My time at Ithaca College thus far has been a wonderful experience, especially being a part of the Martin Luther King Scholar Program on campus. I am exposed to more diversity training and discussions on race, ethnicity, gender and equality for these and other marginalized groups than most on campus. It is important to fundamentally change the institutional laws to foster healthy diversity, but the inverse is also true. Ithaca College cannot effectively institute change with its current levels of diversity.
Both diversity and structural change must go hand in hand if true change must occur in Ithaca College. Through the Martin Luther King Scholarship, I have had the opportunity to not only visit southern states and cities to learn about the African American civil war in the U.S. and also the Vietnam War and to be immersed in their cultures. These experiences gave me insights into two different cultures and a larger global perspective. I learned so much from being exposed to these kinds of conversations and although not everyone on campus can have these opportunities, other options are provided which go underutilized.
The campus holds a speaker series’ almost year-round with relevance to topics concerning marginalized groups each semester, but how many people actually attend these events? One cannot effectively apply change if they do not know anything about the topic, nor can one learn about diversity if the representation is not there. Sometimes faculty, staff and students attend these trainings not because they want to but because they have to for a class or to complete a training for work. This does not allow conversations to address the core of the topics or truly educate the masses that drone on unwillingly.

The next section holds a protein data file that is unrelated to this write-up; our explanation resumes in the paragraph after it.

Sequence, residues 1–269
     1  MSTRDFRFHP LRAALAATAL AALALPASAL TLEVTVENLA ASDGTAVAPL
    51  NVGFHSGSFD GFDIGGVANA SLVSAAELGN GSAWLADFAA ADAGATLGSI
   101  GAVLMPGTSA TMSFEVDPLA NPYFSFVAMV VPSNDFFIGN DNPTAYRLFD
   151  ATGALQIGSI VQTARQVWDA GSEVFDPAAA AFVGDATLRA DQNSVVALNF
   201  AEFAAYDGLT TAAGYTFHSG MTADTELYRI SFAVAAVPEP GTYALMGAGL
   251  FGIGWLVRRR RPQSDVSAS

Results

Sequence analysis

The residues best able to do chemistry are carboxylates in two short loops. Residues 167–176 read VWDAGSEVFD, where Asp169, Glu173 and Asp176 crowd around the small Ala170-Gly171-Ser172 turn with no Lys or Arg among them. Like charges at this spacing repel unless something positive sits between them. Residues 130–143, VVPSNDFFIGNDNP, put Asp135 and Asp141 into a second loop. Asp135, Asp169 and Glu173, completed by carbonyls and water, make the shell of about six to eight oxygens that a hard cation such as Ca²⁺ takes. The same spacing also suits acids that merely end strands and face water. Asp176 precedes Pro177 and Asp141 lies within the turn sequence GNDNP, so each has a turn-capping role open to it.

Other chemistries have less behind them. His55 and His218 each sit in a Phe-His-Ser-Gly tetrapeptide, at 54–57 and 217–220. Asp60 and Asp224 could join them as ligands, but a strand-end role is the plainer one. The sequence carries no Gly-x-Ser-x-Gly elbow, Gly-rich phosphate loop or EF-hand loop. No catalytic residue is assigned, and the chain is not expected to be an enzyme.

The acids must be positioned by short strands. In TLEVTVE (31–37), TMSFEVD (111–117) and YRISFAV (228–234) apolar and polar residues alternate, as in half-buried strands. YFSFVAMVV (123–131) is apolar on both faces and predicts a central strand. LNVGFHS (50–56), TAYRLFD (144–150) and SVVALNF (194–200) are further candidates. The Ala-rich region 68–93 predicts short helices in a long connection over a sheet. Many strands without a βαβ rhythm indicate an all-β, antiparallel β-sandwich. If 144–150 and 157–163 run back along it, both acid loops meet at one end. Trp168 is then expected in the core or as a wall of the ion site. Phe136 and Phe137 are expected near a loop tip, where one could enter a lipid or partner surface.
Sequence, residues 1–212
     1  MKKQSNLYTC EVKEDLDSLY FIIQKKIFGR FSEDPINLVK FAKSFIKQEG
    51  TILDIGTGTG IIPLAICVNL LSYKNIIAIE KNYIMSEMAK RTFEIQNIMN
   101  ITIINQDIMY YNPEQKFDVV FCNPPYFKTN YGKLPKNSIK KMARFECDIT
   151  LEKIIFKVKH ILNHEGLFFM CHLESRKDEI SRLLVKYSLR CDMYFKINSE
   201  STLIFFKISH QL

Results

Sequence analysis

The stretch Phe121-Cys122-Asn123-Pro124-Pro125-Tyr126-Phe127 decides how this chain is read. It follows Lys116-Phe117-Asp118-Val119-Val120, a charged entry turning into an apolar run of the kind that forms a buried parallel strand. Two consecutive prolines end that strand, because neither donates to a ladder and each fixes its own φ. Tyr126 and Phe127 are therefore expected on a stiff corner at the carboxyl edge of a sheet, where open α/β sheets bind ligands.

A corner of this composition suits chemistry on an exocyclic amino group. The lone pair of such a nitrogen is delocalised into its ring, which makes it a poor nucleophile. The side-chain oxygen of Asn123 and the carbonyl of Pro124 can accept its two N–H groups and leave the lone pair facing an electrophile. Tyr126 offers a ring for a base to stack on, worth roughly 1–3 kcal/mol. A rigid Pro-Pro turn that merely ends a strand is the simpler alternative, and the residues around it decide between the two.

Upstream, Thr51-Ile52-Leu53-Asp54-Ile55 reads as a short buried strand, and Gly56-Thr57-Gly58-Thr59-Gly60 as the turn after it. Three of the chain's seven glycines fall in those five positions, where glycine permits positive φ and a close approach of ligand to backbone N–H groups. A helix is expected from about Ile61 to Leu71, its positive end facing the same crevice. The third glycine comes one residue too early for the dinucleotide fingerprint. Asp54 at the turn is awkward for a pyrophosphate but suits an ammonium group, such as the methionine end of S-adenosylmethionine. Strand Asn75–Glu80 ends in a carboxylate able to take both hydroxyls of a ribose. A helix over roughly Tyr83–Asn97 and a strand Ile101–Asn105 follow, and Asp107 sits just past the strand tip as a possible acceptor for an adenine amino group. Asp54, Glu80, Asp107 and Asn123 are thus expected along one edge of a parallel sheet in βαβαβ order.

Over the years, diversity has been a focus for the Ithaca College campus because diversity was lacking. According to data collected, people of color comprise only approximately 20 percent of the school’s student body. Students who identify as white make up approximately 75 percent of the student body. Although the percentages have not deviated much over the years, these numbers percentages are shifting towards a more diverse campus. So, though the number of students of color has increased on campus, it is a far cry from an equally diverse campus. After the last five semesters I have spent on campus, I have seen these changes slowly occur and that was a big leap before I began attending the college.
Protests of the former President Tom Rochon, from students of color led the president to eventually resign due to less-than-favorable actions he made. This only happened because students of color and allies all rallied to speak out against the actions of the president. I was on campus in 2016 for my MLK Scholar Program recruitment, and before I was told about any of the protests, I could feel the tension in the air. This is a story of successful diversity affecting institutional change. We need more diversity of ideas and more diversity of people and identities in order for change to happen on an institutional level. As I have learned time and time again, little drops of water make a mighty ocean.
Diversity is, however, not exclusive to race and ethnicity. There are issues of diversity in relation to gender, sexuality, religion, disability and mental health on our campus. Questions arise when we observe that our Center for Counseling and Psychological Services (CAPS) is in a basement or that our campus is barely handicap-friendly. Last year, a friend tried to start a student organization to support Islamic communities in and around the Ithaca College campus but could barely find support for the project because of the lack of members. This is why we have a diversity issue in Ithaca College and this is why the campus stresses on propagating it.